• Accessibility
  • Alternatives

What does the treatment process look like?

Doctors may combine catheter and surgical procedures to repair complex congenital heart defects. If the defect cannot be fixed with a catheter, the patient will undergo an open heart surgery to close holes in the heart.

What is the impact of this treatment on the patient’s life?

This surgery saves lives. Children will return to school, and adults will return to working and caring for their families.

What potential side effects or risks come with this treatment?

Potential side effects include bleeding, infection, fever, swelling, inflammation, arrhythmias, damage to surrounding organs, stroke, and death. Heart surgery is more likely to be life-threatening for patients who are very sick before the surgery.

How accessible is treatment in the area? What is the typical journey like for a patient to receive care?

Many of our medical partner's patients live in remote areas. They cannot afford or access treatment because it is only available in large cities.

What are the alternatives to this treatment?

There are no alternatives. If left untreated, this heart condition will become life-threatening for patients.

Meet another patient you can support

100% of your donation funds life-changing surgery.

Taung

Taung is a one-month-old baby girl from Burma. She lives with her parents and seven-year-old brother in a village in Hpan-An Township in Karen State. Her parents farm land owned by their relatives for free and grow rice for primarily their own consumption. Taung’s father also works as an agricultural day laborer. Taung was born at home with the assistance of a traditional birth attendant (TBA). As soon as she was born, the TBA noticed that she has a soft large sac protruding from the top of her head. Currently, the sac protruding from Taung’s head is continuously increasing in size. Sometimes, she cries so much her mother thinks that she is in pain. However, she responds to noise around her, and sleeps and breastfeeds well. Doctors want Taung to undergo a CT scan, a procedure in which x-ray images taken from several angles are combined to produce cross-sectional images of the body. This scan will hopefully help doctors diagnose her condition and formulate an appropriate treatment plan. Our medical partner, Burma Children Medical Fund, is requesting $469 to cover the cost of Taung's CT scan and care, scheduled for March 15th. Taung’s mother said, “Over time, I have become increasingly worried about her head, whether it would become normal and if it could be treated. We do not have money to treat her, so we came to Mae Tao Clinic. I cry every time I touch her head and it is very hard for me to hold her. I feel like I am very unlucky that both of my children do not have good health. I want her to become healthy like other children.”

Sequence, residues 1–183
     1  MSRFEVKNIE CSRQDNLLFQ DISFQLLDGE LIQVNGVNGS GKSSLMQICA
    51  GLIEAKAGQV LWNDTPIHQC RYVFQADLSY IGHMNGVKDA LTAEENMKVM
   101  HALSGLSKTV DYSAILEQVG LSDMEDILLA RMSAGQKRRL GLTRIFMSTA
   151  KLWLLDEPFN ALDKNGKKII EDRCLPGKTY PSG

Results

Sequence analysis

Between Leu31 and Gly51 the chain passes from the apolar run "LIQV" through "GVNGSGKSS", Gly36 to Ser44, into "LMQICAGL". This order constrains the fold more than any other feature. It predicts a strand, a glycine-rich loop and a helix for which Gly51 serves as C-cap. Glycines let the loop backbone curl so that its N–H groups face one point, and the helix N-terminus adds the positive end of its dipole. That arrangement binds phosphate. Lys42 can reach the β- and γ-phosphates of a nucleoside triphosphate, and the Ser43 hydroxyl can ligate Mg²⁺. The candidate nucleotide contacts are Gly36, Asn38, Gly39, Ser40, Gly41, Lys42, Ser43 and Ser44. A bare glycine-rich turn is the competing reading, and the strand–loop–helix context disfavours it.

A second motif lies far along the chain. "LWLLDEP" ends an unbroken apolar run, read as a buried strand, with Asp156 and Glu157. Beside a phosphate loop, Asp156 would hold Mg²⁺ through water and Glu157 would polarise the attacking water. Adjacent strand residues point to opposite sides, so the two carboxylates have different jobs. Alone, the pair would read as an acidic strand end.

44% funded

44%funded
$310raised
$383to go
Chit

Chit is a 39-year-old woman from Burma. She lives with her daughter, mother-in-law, and her sister-in-law’s three children. Her husband has recently left the village to work in Bangkok so he could increase his income, especially since her condition has worsened. Since she became ill, she feels bored because she is unable to work. Around five months ago, Chit started to feel unwell with a stiff neck, headaches, and pain in her right eye. Soon after, she noticed that the black part of her right eye started to move inward toward the middle of her face, becoming crossed eyed. As soon as she noticed a change in her right eye, she went to a hospital to see a doctor about her condition. At the hospital, she underwent a CT scan of her head which showed normal findings. Therefore, the doctor just gave her an injection and oral medications. A week later, she decided to go see a local medic in her village because she felt like the medications were not helping. The medic looked at her medical test results, assessed her and said she might have a neurological condition. The medic gave her oral medication and another injection. She took the medication she received from the medic, and her symptoms subsided gradually. Chit's symptoms disappeared completely about 20 days ago, but this only lasted around 10 days because she noticed that the black part of her right eye had started to become white and the rest of her eye, normally white, started to turn red. She bought eye drops at a local medication stall, but they did not help. A few days later, she learned about Mae Tao Clinic (MTC), a charitable clinic, from one of her nephews. On January 11th, Chit visited MTC regarding her condition, and a medic explained that unfortunately her eye was not functional anymore and that it needed to be removed due to a severe infection. The medic also explained that if her right eye was not removed, the infection could spread to her left eye and cause the same problem. MTC then brought Chit to Mae Sot Hospital (MSH) and the doctor there confirmed that her eye needs to be removed as soon as possible. Chit said, "It's upsetting to know that I need to have one of my eyes removed. But then, I feel that since the eye is bad, there is no sense in keeping it. In the future, if possible, I want to get a prosthetic eye."

72% funded

72%funded
$1,093raised
$407to go

Meet another patient you can support

100% of your donation funds life-changing surgery.